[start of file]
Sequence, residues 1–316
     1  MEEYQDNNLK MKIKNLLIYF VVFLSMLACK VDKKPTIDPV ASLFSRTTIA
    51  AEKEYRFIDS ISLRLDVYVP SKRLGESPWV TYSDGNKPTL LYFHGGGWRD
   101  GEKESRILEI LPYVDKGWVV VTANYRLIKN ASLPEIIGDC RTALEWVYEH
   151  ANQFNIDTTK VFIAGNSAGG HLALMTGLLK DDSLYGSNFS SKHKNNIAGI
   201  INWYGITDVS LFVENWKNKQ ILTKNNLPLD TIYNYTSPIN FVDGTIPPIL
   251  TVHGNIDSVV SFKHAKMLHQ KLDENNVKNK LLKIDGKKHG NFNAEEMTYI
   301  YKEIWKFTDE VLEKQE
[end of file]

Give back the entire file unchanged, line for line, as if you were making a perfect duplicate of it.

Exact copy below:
Sequence, residues 1–316
     1  MEEYQDNNLK MKIKNLLIYF VVFLSMLACK VDKKPTIDPV ASLFSRTTIA
    51  AEKEYRFIDS ISLRLDVYVP SKRLGESPWV TYSDGNKPTL LYFHGGGWRD
   101  GEKESRILEI LPYVDKGWVV VTANYRLIKN ASLPEIIGDC RTALEWVYEH
   151  ANQFNIDTTK VFIAGNSAGG HLALMTGLLK DDSLYGSNFS SKHKNNIAGI
   201  INWYGITDVS LFVENWKNKQ ILTKNNLPLD TIYNYTSPIN FVDGTIPPIL
   251  TVHGNIDSVV SFKHAKMLHQ KLDENNVKNK LLKIDGKKHG NFNAEEMTYI
   301  YKEIWKFTDE VLEKQE